More gloom for GM and Ford, more joy for Toyota

Detroit's Big Three report continuing sales declines for June. Meanwhile, Prius hybrids are selling like hotcakes.


Andrew Leonard
July 4, 2007 12:23AM (UTC)

In June, Toyota sold 17,756 Prius hybrids in the United States. That's almost double the number sold a year ago, and it's the stat that tells you all you need to know about another glum month for U.S. carmakers.

Overall, General Motors reported a sales decline of 21 percent compared to a year ago. Ford's sales were down 8.1 percent, and the Chrysler division of Daimler/Chrysler reported a 1.4 percent decline. Toyota: up 10 percent. Honda: up 11 percent. It's been the same story for the last year and a half.

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The figures shed unencouraging light on Detroit's vociferous criticism of the Korea-U.S. Free Trade Agreement currently awaiting ratification by Congress. The automotive industry says that Korea uses a variety of mechanisms to block foreign imports. This appears to be true. But so what?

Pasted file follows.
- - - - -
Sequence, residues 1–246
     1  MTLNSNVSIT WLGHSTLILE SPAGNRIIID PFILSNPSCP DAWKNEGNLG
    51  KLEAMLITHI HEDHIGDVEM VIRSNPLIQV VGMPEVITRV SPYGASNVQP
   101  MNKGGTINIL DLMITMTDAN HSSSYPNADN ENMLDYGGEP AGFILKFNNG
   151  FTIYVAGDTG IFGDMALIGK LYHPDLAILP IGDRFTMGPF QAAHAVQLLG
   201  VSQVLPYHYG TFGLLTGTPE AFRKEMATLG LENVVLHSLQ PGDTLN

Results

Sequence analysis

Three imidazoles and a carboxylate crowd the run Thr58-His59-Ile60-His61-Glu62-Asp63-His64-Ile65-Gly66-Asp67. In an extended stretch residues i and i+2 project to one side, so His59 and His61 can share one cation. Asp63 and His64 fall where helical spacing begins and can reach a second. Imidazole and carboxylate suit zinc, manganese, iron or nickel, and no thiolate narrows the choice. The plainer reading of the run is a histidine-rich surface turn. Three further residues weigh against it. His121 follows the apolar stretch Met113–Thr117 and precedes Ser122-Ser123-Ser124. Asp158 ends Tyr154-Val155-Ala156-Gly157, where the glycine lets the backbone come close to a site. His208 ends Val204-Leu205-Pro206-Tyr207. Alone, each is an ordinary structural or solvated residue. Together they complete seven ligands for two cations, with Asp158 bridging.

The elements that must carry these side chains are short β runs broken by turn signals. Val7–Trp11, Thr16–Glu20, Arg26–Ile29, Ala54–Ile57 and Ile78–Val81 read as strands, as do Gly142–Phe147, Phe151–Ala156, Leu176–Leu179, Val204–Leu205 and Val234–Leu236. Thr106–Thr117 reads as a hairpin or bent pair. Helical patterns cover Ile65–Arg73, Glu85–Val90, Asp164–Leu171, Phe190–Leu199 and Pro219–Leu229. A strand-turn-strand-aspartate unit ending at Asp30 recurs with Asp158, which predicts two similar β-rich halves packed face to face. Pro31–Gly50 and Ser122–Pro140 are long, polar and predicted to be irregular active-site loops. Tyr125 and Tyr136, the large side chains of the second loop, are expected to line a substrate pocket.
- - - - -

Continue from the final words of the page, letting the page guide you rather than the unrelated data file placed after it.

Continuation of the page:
Maybe Detroit should be a little more successful selling cars to Americans before it starts whining about trade barriers blocking its efforts in other countries. Because it's hard to see how the removal of all such barriers in Korea would make Koreans any more eager to buy Silverados and F150s right now than Americans are. In South Korea, a gallon of gasoline costs double what it does in the U.S.

Sounds like a good market for Toyota.


Andrew Leonard

Andrew Leonard is a staff writer at Salon. On Twitter, @koxinga21.

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Globalization How The World Works Toyota



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